Do trauma patients on ventilators in the emergency department need multiple blood gas analysis to optimize treatment?
- MS Moeng1
© Moeng; licensee BioMed Central Ltd. 2009
Published: 13 March 2009
The importance of adequate ventilatory support after severe trauma is highly stressed. However, this may lead to a tendency to hyperventilate trauma patients  put on a ventilator in the emergency department. The aim of this study was to investigate whether trauma patients on ventilator in the emergency department are hyperventilated.
A prospective collection of data for trauma patients put on a ventilator in the emergency department. The questionnaire included demographic information, indication for ventilation, analysis on initial and repeat arterial blood gases, and management changes. Patients were recruited over a period of 6 months from 1 November 2006 to 30 April 2007.
Fifty-nine patients were identified, 54 (91.5%) were male and five (8.5%) were female. Age ranged from 4 to 60 years. The indication for ventilator treatment was isolated head injury in 28 (47.5%) patients, polytrauma in 13 (22%) patients, polytrauma with severe head injury in nine (15.3%) patients and isolated airway and ventilation indication in the remaining nine (15.3%) patients. Thirty-seven patients had a Glasgow coma scale (GCS) of 3 to 8, 13 had GCS of 9 to 12, and nine patients had GCS of 13 to 15. The first arterial blood gas was done within 10 minutes of ventilator treatment in 48 (81%) of the cases, whereas the second was done within 90 minutes in 41 (69.5%) of the cases. In 23 (39%) patients, pCO2 was less than 30 mmHg on the first gas, and in 19 (32%) patients on the second gas. Oxygenation was adequate with levels above 200 mmHg in 40 (68%) of initial and in 47 (80%) of second gases. The most common ventilatory manipulation was a reduction in minute volume after the first gas in 14 (24%). Reduction of inspiratory oxygen was the most common change after the second gas in 28 (47%). The number of cases that should have had ventilatory adjustment was reduced from 12 (20%) after the first arterial blood gas to one (1.7%) after the second.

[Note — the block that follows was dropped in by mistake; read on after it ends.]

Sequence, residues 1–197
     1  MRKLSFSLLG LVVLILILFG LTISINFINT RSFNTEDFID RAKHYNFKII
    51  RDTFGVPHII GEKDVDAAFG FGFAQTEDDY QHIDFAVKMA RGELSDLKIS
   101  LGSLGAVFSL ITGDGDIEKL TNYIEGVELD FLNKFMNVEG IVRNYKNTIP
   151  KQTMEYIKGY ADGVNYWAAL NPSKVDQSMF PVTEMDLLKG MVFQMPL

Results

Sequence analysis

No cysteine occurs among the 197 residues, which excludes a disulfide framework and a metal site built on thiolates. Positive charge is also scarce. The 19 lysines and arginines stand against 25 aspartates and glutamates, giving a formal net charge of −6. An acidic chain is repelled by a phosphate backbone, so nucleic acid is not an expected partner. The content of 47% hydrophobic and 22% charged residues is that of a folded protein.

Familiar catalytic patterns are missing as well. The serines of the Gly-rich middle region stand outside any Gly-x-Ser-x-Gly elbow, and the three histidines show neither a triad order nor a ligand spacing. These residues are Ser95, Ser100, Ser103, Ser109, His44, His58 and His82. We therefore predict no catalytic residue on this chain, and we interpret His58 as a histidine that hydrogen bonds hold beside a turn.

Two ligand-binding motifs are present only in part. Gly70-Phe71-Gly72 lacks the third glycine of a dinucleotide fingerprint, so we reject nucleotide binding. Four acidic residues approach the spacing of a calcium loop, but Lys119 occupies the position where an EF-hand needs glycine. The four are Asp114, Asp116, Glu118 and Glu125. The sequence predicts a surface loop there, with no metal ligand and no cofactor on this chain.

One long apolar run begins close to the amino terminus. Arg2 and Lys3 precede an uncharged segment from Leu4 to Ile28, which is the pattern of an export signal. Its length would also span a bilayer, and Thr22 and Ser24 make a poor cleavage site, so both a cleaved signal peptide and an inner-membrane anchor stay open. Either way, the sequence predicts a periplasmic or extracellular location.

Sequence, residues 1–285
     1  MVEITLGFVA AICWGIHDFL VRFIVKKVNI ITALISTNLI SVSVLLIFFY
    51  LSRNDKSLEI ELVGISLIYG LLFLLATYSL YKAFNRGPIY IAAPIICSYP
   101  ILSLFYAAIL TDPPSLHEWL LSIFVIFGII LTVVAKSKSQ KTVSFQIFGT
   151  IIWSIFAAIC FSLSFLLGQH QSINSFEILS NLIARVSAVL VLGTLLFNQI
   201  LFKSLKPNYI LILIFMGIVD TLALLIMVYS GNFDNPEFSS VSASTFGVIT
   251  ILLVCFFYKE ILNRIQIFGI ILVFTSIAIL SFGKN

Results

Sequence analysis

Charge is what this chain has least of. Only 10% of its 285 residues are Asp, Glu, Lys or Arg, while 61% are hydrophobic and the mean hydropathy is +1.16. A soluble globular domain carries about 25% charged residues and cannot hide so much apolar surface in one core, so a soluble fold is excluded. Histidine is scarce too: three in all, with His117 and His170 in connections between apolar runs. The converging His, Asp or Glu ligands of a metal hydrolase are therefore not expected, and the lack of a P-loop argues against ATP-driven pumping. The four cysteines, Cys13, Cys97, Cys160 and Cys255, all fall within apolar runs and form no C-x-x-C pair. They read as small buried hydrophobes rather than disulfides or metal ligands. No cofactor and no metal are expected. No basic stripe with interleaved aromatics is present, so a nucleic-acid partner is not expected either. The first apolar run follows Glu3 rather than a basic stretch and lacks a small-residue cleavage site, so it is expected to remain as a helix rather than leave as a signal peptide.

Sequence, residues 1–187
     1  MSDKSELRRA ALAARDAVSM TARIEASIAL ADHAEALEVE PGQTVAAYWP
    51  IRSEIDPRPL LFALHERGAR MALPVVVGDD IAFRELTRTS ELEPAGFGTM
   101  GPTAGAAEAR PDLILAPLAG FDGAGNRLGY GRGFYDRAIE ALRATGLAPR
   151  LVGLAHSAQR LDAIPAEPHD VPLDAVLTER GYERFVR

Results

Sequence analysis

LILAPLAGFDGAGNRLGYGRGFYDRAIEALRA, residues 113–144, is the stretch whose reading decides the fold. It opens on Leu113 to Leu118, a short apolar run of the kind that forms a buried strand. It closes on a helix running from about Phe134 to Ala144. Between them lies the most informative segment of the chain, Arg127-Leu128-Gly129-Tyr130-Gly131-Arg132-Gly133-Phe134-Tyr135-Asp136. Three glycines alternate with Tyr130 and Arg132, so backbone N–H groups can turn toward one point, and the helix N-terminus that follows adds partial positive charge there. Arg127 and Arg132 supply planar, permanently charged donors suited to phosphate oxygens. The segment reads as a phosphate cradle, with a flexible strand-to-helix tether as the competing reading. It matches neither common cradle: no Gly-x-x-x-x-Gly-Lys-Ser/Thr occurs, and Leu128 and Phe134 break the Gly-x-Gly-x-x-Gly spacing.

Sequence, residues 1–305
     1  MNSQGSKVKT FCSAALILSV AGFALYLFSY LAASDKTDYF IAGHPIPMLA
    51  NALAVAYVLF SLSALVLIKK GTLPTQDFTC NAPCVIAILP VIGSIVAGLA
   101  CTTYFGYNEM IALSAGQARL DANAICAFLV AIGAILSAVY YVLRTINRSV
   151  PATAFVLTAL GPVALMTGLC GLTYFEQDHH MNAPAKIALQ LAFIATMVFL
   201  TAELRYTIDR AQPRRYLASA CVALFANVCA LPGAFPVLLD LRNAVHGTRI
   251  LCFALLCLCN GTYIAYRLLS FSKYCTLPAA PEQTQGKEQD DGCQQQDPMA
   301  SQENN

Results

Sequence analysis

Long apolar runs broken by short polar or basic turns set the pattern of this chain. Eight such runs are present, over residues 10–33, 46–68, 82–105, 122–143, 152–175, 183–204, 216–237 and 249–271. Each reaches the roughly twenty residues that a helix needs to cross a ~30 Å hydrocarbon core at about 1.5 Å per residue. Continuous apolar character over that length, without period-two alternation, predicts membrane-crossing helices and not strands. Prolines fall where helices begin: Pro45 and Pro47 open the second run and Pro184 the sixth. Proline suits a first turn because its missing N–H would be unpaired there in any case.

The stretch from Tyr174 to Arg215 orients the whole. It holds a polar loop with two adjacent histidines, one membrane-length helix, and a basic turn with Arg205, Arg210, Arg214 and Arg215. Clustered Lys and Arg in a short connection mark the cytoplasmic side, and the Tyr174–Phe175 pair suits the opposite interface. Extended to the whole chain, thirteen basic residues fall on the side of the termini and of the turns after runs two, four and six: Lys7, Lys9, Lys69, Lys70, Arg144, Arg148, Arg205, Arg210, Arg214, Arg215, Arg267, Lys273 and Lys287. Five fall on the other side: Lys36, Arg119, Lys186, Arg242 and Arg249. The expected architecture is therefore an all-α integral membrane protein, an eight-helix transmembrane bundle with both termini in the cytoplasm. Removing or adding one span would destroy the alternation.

Although there was a tendency to hyperventilate patients on ventilators in the emergency department in our institution, satisfactory ventilation was achieved almost uniformly after the second blood gas analysis.